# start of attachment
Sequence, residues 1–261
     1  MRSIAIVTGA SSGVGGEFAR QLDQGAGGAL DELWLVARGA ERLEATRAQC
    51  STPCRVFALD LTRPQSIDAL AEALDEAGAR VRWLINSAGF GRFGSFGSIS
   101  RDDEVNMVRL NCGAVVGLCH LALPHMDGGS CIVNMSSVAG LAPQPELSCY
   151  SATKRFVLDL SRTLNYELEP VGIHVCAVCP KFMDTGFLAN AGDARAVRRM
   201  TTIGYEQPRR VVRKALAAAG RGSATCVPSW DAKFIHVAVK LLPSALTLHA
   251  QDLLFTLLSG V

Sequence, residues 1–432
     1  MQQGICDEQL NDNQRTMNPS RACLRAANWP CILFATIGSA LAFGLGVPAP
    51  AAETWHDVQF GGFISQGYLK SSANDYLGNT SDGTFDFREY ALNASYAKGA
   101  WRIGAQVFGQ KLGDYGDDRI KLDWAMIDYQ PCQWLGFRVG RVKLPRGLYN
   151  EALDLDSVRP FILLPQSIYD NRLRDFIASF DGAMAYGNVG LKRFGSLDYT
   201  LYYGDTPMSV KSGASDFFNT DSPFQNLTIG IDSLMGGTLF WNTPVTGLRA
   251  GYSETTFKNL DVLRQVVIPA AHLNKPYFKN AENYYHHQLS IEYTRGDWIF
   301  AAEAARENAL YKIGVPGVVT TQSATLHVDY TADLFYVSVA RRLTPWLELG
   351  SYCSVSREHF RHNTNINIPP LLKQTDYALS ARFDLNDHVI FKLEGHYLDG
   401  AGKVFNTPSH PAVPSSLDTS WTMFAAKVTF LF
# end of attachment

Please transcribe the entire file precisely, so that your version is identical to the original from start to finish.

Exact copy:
Sequence, residues 1–261
     1  MRSIAIVTGA SSGVGGEFAR QLDQGAGGAL DELWLVARGA ERLEATRAQC
    51  STPCRVFALD LTRPQSIDAL AEALDEAGAR VRWLINSAGF GRFGSFGSIS
   101  RDDEVNMVRL NCGAVVGLCH LALPHMDGGS CIVNMSSVAG LAPQPELSCY
   151  SATKRFVLDL SRTLNYELEP VGIHVCAVCP KFMDTGFLAN AGDARAVRRM
   201  TTIGYEQPRR VVRKALAAAG RGSATCVPSW DAKFIHVAVK LLPSALTLHA
   251  QDLLFTLLSG V

Sequence, residues 1–432
     1  MQQGICDEQL NDNQRTMNPS RACLRAANWP CILFATIGSA LAFGLGVPAP
    51  AAETWHDVQF GGFISQGYLK SSANDYLGNT SDGTFDFREY ALNASYAKGA
   101  WRIGAQVFGQ KLGDYGDDRI KLDWAMIDYQ PCQWLGFRVG RVKLPRGLYN
   151  EALDLDSVRP FILLPQSIYD NRLRDFIASF DGAMAYGNVG LKRFGSLDYT
   201  LYYGDTPMSV KSGASDFFNT DSPFQNLTIG IDSLMGGTLF WNTPVTGLRA
   251  GYSETTFKNL DVLRQVVIPA AHLNKPYFKN AENYYHHQLS IEYTRGDWIF
   301  AAEAARENAL YKIGVPGVVT TQSATLHVDY TADLFYVSVA RRLTPWLELG
   351  SYCSVSREHF RHNTNINIPP LLKQTDYALS ARFDLNDHVI FKLEGHYLDG
   401  AGKVFNTPSH PAVPSSLDTS WTMFAAKVTF LF